And I Get To Take All The Credit!

Within the last week I’ve had two separate people suggest cookie recipes to me (Patty suggested lemon-clove sandwich cookies, and Sarah wrote a post about chocolate cookies) but I’m still months behind on my cookie plans! Ages ago I saw a recipe for something called Pine Nut Tassies. I’d never made tassies before. I had, come to think of it, never even heard of tassies before. But they sounded so cool I couldn’t resist. I hacked into Schnookie’s epicurious recipe box and saved the link. And then I sat back and waited for the perfect day.

Today was that perfect day — just over halfway through a nice long vacation, a lazy summer Friday, everything is feeling like Autumn is really just around the corner. The active prep time on the recipe (which is from Gourmet magazine) said 1 1/4 hours but the instructions seemed really easy. Just make a simple butter cookie dough and line mini-muffin trays with this pastry-crust-like-material.

Whip up a caramel-ish filling with brown sugar, butter, and an egg then stir in pine nuts. Make sure, though, that you get the right amount of pine nuts. I forgot to remind my personal grocery shopper to read the recipe before getting the nuts, so I was missing 1 3/4 ounces of the little buggers and my personal errand runner had to zip back out for more.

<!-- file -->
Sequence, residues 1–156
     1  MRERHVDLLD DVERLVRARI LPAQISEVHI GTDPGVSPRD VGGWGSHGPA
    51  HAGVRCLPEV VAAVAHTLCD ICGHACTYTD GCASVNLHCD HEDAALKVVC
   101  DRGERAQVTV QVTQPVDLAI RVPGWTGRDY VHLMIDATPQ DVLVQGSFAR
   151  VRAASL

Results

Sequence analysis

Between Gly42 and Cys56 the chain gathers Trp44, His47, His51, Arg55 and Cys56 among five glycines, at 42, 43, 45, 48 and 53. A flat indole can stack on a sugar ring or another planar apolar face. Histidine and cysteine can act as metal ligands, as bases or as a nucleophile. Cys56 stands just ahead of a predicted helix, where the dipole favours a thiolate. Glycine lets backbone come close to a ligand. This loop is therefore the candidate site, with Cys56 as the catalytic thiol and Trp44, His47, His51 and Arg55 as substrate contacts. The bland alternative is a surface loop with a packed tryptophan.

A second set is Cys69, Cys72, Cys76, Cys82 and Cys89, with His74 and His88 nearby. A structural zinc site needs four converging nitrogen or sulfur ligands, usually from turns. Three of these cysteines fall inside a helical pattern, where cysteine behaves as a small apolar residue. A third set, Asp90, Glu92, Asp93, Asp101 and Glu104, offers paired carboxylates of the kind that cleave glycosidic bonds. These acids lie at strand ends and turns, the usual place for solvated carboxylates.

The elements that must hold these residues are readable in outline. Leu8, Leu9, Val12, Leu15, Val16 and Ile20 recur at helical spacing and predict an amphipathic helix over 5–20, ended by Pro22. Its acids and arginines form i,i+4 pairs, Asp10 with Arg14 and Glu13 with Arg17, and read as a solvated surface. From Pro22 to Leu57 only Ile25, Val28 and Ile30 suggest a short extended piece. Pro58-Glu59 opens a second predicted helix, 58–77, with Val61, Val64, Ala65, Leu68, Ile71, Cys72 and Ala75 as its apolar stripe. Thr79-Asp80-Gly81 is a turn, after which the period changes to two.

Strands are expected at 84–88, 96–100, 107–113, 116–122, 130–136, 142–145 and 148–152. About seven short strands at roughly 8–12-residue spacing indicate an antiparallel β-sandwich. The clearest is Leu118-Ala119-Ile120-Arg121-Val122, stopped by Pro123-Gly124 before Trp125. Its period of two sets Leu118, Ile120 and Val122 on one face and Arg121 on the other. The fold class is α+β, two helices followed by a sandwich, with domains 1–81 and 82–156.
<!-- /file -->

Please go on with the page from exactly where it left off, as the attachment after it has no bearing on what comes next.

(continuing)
Filling the shells with the sticky, gooey mixture made me feel like I was Sandra Lee making some ridiculously fussy recipe made from 99% crappy ingredients like pancake batter in a can and cherry pie filling and 1% stupidly expensive, hard-to-find items like rose soda. All I needed was the Semi-Homemade theme song, a bushel full of fake apples, and an over-the-top window treatment.

The funny thing about this, though, was that it wasn’t fussy. At all. It was fun and easy throughout the entire process. I never felt like I was tired of bending over muffin tins or tired of having sticky fingers from the filling.

The butter cookies were insanely easy to make and divide (helpfully leaving us with just the right amount of snacking dough, to boot).

The filling was simple and quick, and super-fun. I’d never made anything like it before and probably could have swirled it around for hours because the texture was fascinating.

And the cookies came out of the oven perfectly bubbly and golden brown after just 10 minutes.

The potential to be scalded with burning hot caramel was enough to scare us into doing the unthinkable — letting the cookies cool completely before trying them. Of course, that did force us to stop and smell the roses, or rather stop and arrange the cookies on the gorgeous new tray Boomer and Schnookie gave me for my birthday.

Sandra Lee would mostly layer the tray with silk flower petals first, and maybe a few pillar candles, and probably a giant faux-chandelier would be involved somewhere. But for me, it’s perfect.